City of Brentwood
This is the second part to our series “Meet the Agency Behind The Fill Station – City of Brentwood.”
Water Resource Recovery Facilities are the future and the City of Brentwood has been on the scene since their new facility was built in 2003. There is more to this agency than what any recycled water hauler sees when they drive through the fill station. I received an exclusive tour with Wastewater Operations Manager Casey Wichert and was very impressed with their streamlined processes, making them an excellent example agency for others to follow.
275 gallon tote in an Ford F150.
The City of Brentwood has a love affair with recycled water. Driving into town it became obvious why such a small treatment plant has given away so much water. Nearly every capable vehicle is either hauling a tote or towing a trailer with a recycled water tank on it. At every stoplight, driving by the gas station, in front of the local Ace Hardware, it seems like everyone hauls recycled water, an impressive feat considering less than 3% of the population does it.
For its one year anniversary, Casey Wichert, Wastewater Operations Manager at the City of Brentwood, invited me to tour their Residential Recycled Water Fill Station and Water Resource Recovery Facility.
What does it take to be a Water Resource Recovery leader? Easy, first recover as much water from wastewater influent, second utilizing the resources in the waste to do something sustainable, third recover power used by some renewable process, and fourth, be a leader while doing so.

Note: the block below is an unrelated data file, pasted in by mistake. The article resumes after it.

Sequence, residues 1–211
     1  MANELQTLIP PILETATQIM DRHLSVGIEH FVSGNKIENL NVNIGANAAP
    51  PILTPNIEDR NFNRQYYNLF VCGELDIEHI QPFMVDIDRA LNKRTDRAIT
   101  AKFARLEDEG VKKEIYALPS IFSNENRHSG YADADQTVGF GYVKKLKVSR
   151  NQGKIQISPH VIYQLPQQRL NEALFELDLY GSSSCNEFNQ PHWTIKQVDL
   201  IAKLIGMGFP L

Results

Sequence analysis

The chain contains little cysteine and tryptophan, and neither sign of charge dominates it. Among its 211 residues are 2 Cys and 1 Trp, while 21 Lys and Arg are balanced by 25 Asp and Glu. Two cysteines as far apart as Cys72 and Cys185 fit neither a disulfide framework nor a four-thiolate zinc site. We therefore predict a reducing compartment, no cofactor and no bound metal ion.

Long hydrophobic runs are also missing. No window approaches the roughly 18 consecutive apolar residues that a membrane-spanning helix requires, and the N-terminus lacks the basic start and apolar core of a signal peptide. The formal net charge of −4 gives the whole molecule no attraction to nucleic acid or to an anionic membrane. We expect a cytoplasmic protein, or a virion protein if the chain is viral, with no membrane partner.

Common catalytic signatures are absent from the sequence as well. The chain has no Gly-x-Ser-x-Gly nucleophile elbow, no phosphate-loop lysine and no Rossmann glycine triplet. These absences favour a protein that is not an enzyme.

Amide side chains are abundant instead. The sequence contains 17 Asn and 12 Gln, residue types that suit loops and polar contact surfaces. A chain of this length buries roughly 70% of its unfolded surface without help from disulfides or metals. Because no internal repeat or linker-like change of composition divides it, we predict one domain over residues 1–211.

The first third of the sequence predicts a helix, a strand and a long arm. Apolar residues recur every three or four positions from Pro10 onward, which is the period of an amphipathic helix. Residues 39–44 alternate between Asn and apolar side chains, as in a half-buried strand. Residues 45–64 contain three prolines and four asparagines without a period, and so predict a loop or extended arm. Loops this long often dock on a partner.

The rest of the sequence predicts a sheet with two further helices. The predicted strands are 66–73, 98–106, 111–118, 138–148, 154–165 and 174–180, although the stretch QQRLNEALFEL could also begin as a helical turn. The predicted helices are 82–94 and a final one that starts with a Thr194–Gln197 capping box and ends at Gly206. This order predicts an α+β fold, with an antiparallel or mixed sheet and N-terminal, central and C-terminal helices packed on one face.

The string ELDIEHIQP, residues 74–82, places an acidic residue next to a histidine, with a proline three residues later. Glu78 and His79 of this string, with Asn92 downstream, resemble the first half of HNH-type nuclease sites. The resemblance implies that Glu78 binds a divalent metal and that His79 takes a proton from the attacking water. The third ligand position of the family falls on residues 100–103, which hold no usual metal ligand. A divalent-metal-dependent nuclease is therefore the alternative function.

Who comes to mind when this applied? Delta Diablo.
Drinking water supply for millions of Americans.
I just spent 3 days at the California Water Environment Association Annual Conference in Santa Clara, California, and came back with a new perspective on the world of recycled water. This perspective is worth sharing with you.
Direct Potable Reuse
Direct Potable Reuse is a process where recycled water is treated using Full Advanced Treatment (FAT) technologies (the same ones used to create bottled water from sea water), the end product is cleaner than anything on the planet. This water is so pure that it could be used as a drinking water supply – but alas there isn’t any state regulations that allow for it to happen. That regulation is coming, just wait a few more months.
What if I told you there is a resource that is wasted by the billions every day. Society has already built the infrastructure that can stop this waste, we but don’t call them by their correct name. Society refers to them as Waste Water Treatment Plants – WWTP’s for short. However, there is a call from inside the industry to change that name – into something more appropriate for what it does – Water Resource Recovery Facilities or WRRF’s.
Think of this as the eye opening experience the trash companies had when they realized how to recycle glass, plastic and green waste from their trash stream. Its happening now with wastewater.